Pioneering Global Health
Rebecca Richards-Kortum doesn’t ask for permission to solve the world’s problems, she just goes to work. Guided by the belief that everyone deserves the benefits of health innovation, her research and teaching focus on developing and disseminating low-cost, high-performance global health technologies. Working alongside student and clinical collaborators, she provides vulnerable populations in the developing world access to lifesaving health technology. Transforming ideas into sustainable solutions, Richards-Kortum, Rice’s Malcolm Gillis University Professor of Bioengineering and director of Rice 360° Institute for Global Health Technology, has spent her career developing point of care medical technologies to address global health disparities in low-resource settings as well as training and inspiring students to address global challenges.
Richards-Kortum discovered her passion for solving persistent and widespread problems as an undergraduate in a semiconductor physics lab. “While I was grateful for that research opportunity, I learned that I’m a person that is more motivated by trying to solve problems that are more immediate,” she said. “I discovered that it’s important to me that my research have a more tangible impact to improve someone’s life in the shorter time frame – five to 15 years.” As a graduate student, Richards-Kortum sought out research opportunities with fast impact potential.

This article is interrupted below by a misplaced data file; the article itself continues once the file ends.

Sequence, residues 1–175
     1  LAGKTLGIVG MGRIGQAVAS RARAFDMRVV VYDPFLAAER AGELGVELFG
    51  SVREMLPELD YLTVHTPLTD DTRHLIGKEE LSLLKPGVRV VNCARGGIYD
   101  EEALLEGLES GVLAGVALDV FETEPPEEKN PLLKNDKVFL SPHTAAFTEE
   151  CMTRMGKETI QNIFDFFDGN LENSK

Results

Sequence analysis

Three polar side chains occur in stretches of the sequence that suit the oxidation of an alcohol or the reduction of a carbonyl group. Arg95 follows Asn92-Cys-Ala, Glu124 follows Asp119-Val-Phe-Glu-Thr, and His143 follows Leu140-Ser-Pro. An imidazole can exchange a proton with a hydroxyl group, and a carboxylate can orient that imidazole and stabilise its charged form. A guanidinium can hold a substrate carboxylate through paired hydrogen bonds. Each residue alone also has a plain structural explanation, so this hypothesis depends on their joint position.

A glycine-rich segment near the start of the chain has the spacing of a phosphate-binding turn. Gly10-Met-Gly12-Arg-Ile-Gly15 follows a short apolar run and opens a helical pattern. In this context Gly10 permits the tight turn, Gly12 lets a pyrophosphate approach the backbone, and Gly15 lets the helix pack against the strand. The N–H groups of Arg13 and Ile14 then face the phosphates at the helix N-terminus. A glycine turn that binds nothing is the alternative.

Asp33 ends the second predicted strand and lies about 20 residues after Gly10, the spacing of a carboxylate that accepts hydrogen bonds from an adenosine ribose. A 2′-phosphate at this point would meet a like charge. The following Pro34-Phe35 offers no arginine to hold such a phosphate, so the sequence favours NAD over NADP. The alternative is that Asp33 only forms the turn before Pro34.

Her research has led to the development of 40 patents, targeting diseases and conditions that cause high morbidity and mortality, such as cervical and oral cancer, premature births and malaria. Through Rice 360°, Richards-Kortum and her students have created a low-cost phototherapy device to treat neonatal jaundice and a bubble continuous positive airway pressure machine (bCPAP) to support premature infants who are unable to breathe on their own. She’s leading a multi-institutional team aiming to halve newborn deaths in sub-Saharan Africa in 10 years by developing a package of 17 lifesaving neonatal technologies that are accessible, rugged and affordable.